Google Presents Code Search


Google today launched Code Search, a search engine and index of source code that is collected from publicly available sources. Google claims that the new code search engine will be able to find almost any code that its crawler can find, but in a few specific searches it failed to locate some code that I had hosted on my own server – but this is sure to improve. It does seem that the Google index of source code is a lot broader than those found at competing sites Krugle and Koders. For instance, Google Code Search will index the content of zip and tarball files on open source sites such as, while the other search sites seem to return a lot of results from sourceforge and a few other centralized repositories.

The first thing you notice at Google Code Search is that you can use regular expressions in the query field when searching, and there are a lot of search options to help you further refine what you are looking for. On the front page of Google Code Search there is a nice overview with some pointers on using the service.

To test Google Code Search out against both Krugle and Koders, I ran a search for “md5 in C”, hoping to find an implementation of the MD5 hash algorithm in C. In Google, I can specify the implementation language I would like in the search query, while in both Krugle and Koders I needed to select the language from a drop down. Krugle and Koders didn’t seem to filter the results based on language too well as they both had results that were implementations in other languages. One problem here is that the search engines don’t actually know you are looking for a simple implementation of md5, they are just string-matching against their indexes so you get some very poor results (such as functions that call an MD5 library). Across the 3 search engines, I could not find a good, pure MD5 implementation – just a lot of header files and functions that had the string ‘md5’ within them.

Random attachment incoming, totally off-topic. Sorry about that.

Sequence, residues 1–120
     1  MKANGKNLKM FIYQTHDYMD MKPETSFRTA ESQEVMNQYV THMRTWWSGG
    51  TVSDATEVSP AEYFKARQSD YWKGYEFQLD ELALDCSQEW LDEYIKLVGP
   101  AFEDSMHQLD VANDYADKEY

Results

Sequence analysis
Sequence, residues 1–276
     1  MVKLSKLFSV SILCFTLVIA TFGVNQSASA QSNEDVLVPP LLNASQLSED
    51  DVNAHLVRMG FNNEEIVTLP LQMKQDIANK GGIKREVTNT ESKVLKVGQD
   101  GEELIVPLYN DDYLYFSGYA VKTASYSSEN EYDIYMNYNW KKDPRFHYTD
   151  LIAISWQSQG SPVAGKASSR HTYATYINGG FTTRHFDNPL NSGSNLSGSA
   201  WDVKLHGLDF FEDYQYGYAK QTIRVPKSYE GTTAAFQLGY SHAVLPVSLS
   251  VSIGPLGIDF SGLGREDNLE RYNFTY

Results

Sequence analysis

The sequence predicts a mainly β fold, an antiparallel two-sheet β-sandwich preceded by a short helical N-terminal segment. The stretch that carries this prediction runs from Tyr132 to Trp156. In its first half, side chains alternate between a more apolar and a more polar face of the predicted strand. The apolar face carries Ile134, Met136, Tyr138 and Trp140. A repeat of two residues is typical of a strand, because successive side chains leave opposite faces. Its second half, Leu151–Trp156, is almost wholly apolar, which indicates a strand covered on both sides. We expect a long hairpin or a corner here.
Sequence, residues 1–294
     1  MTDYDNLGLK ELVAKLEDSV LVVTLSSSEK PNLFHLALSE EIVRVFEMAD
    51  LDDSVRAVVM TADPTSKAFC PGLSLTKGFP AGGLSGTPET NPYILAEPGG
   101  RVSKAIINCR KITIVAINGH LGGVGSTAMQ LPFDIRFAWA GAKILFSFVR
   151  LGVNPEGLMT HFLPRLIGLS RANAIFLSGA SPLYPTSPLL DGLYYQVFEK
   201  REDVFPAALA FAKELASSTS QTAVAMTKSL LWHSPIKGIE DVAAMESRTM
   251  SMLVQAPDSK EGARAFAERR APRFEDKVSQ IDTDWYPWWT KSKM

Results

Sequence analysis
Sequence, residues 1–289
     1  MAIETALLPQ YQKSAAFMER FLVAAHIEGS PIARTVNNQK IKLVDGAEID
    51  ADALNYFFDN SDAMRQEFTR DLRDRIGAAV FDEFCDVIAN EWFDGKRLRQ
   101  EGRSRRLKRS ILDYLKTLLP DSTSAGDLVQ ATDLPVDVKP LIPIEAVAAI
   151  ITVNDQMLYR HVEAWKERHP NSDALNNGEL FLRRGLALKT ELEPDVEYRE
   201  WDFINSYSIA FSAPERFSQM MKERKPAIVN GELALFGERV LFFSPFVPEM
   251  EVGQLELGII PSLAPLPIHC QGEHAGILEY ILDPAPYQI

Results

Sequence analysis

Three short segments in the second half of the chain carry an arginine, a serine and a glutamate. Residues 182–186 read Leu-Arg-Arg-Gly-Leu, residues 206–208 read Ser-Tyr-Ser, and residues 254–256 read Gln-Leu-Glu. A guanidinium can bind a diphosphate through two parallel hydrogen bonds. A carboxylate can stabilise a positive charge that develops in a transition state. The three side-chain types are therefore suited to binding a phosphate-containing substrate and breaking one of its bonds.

All of these search engines have a long way to go before they become a shortcut way for developers to find code – especially considering that most developers are astute at using ordinary search engines to find what they are looking for. Searching for a phrase like “drop-down menu in ajax” won’t return anything usefull, so developers who don’t know which specific string within code they are looking for will have a hard time. Track record would suggest that Google are the company to most likely get this right, by combining the information they have in their main search engine with the source code data for better results (for example, I can see them indexing code examples from MSDN rather easily). This looks like bad news for the startups in this space who will need to further innovate, but it is good news for Google, a company that hasn’t really been hitting home runs recently with some of it’s recent new products.